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by Stephen K. Smuin, Founder of Odyssey School

The days when ”thinking about school” meant planning for college are long gone. Today the search for the proper pre-kindergarten often begins before pregnancy. As the founding Head of two middle schools, I have seen numerous parents and students who have gone through our programs looking for the perfect school. There is no perfect school, but there is a quality process which will facilitate finding the appropriate school for your child. This information has been modified from Odyssey’s publications as well as the material from a recent Newsweek magazine edition on quality schools.

This process will help you find the right middle school for your child:

Determine some basic parameters for your search - geographical limitations, religious affiliation, boarding school, grade configuration, specialty school (gifted/talented, arts school, learning disability focus), cost, or whatever may limit your examining all the schools.

There are a number of books out on choosing schools, the local parenting newspapers are stocked with ads, the phone book will have lists, the County Office of Education will have a pamphlet on schools in the county, the California Association of Independent Schools publishes a directory of schools, and most religious schools are connected to a church affiliated association of schools.


A. Make the Call - Junk Mail to Follow
Call the school and request their packet of information. Keep in mind it is like a new car brochure...you'll never read a mission statement you don't support. The real question is: Is the school living it? You'll discover that later in the process. For now, note how you were treated during your call- did a person answer the phone or was it a computer system (do they treat kids the same way)? Was the person polite, friendly, helpful or did you feel like you were interrupting their work? Staff reflects a school's culture.

B. Open House Night-Tag Team Selling?
Open House is a time for the school to make their best impression. What they choose to feature is what they value. Did students speak? Did alums present? Did parents address you? Are they selling their facility or their academics? Are they selling their soccer championship, their academic program or both? Was there, open and candid communication during the question period?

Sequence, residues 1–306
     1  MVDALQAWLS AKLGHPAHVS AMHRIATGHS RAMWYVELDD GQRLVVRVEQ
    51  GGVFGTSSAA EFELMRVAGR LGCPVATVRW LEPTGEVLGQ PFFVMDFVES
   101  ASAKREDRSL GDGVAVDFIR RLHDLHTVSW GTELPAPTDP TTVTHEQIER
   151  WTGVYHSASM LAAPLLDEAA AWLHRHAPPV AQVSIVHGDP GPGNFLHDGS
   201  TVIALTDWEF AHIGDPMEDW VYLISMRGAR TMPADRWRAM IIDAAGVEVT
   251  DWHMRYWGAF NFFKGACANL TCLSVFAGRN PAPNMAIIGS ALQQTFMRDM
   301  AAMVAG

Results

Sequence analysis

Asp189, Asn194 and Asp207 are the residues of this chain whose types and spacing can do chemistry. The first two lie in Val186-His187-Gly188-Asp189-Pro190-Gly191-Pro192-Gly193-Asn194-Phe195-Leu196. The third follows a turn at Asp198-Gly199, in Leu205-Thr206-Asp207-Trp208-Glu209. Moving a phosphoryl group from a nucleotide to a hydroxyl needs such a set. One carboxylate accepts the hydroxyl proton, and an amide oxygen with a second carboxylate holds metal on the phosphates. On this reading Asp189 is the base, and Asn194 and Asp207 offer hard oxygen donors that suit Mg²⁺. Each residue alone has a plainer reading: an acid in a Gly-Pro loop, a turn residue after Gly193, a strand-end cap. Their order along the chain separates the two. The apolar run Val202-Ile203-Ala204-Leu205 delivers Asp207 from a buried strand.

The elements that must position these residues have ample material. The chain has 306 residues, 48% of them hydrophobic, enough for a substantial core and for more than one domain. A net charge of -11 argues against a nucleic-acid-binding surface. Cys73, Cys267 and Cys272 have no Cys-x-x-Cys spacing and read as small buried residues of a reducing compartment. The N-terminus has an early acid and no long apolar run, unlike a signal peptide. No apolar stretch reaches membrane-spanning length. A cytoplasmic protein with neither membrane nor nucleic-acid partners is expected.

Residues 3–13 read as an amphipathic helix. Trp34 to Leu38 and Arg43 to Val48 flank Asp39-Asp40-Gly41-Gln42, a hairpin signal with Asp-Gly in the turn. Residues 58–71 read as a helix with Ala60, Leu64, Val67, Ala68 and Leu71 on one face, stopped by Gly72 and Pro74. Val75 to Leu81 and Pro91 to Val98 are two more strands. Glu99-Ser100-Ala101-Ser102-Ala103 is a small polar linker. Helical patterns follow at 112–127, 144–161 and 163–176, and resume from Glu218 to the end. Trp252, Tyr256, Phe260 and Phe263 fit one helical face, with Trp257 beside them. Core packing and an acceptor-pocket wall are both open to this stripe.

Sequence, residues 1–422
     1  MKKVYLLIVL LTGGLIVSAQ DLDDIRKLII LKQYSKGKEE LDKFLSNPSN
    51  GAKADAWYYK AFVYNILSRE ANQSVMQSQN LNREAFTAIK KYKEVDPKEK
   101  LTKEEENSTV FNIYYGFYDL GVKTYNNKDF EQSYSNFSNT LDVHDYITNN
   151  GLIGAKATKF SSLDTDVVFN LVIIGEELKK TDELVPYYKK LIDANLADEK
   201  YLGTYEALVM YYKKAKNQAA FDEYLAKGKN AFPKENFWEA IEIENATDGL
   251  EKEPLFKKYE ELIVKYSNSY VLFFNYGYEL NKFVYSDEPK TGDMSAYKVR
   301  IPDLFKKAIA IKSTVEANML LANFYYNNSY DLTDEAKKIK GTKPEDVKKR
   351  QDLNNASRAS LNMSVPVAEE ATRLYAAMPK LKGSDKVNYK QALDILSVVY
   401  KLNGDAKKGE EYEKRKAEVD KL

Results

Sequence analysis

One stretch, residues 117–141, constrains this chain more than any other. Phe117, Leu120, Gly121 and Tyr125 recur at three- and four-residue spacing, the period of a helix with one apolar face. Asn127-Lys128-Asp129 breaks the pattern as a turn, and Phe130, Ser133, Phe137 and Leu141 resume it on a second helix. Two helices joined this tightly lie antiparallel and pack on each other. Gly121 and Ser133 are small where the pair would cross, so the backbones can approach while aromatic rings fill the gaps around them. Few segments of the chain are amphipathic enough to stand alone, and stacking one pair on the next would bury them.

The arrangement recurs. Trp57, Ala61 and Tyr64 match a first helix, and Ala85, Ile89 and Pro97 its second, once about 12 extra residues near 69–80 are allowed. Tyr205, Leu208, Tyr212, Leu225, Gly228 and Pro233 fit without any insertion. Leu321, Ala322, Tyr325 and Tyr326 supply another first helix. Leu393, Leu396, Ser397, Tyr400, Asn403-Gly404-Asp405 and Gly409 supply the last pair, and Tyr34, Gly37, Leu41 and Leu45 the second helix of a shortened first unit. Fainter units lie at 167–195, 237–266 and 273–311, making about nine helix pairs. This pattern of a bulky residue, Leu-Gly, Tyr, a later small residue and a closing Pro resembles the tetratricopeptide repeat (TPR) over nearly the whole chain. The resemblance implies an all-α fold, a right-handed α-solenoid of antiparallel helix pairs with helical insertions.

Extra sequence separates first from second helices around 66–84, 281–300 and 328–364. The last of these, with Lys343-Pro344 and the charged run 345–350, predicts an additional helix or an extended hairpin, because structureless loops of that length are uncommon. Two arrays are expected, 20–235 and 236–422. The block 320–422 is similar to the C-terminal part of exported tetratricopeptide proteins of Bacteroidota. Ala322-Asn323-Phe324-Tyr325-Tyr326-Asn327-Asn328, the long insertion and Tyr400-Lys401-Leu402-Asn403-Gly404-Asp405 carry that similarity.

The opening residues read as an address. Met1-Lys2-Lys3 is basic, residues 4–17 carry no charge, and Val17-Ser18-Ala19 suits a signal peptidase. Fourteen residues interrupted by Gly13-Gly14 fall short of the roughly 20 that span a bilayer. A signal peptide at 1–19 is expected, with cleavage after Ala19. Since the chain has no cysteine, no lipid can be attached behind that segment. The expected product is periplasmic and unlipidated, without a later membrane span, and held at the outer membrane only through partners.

C. Entering the Process - Was College This Tough?

Keep in mind you are not choosing an admissions director. Once your child is in the school you will rarely interact with them again. You are choosing teachers and programs keep that in the forefront of your thinking.

Don't seek a private school unless your child, and you, can accept rejection. About 66% of applicants are not accepted to any given private school.
Fill out your application - be straightforward - you want a school that appreciates who your child really is, not whom you would like her to be.

D. The Visit - Will my child pass muster?
One of the major reasons for rejection is the quality of your child's school visit. So ask yourself, "Is my child socially and emotionally mature? Does he demonstrate appropriate manners? What is the school's moral climate? What is our family's?" An overly prepped student can be suspect to an admissions director. Encourage your child to be natural. Find out if the school really wants who they are - nothing wrong, however, with good manners.

Was the visit well organized? Did you hear from the school about the exact day and time? Was it clear the admissions office was prepared for your child to visit? Did the host call your child before the visit? How did your child get along with whoever hosted her on the visit? What was the nature of their conversations (dig deeply)? What was the follow up? Did you receive a note? Did the host call or write?
All things being equal, trust your child. How your child feels about the visit to the school is a solid indicator to consider. A child needs to feel comfortable in a school in order to excel academically.


A. Going Back to School
Arrange to revisit any school which is a serious contender. Plan to spend at least all morning.

Walk the halls - Be there as classes change. What is the atmosphere? Do you see kids interacting positively with each other? Are teachers in evidence? What do the halls look like after the bell rings - kids still lingering to class, teachers arriving after the bell?

Visit the school and classrooms - What is on the walls; what is in the trophy cases; what kinds of announcements are up for students? Is it too clean or too dirty - both tell you something about the school culture. While visiting three classes for 15 minutes is good, visiting an entire class period will reveal much more. Does the class start on time; is the teacher in charge; is there free and open interaction among teachers and students, students and students? Do kids pay attention and even take notes when students talk or is it only what the teacher says that is important? Is there a clear ending point to the class, is the day summarized, are the next class objectives laid out and homework assigned? Is there a sense of joy and freedom in the air?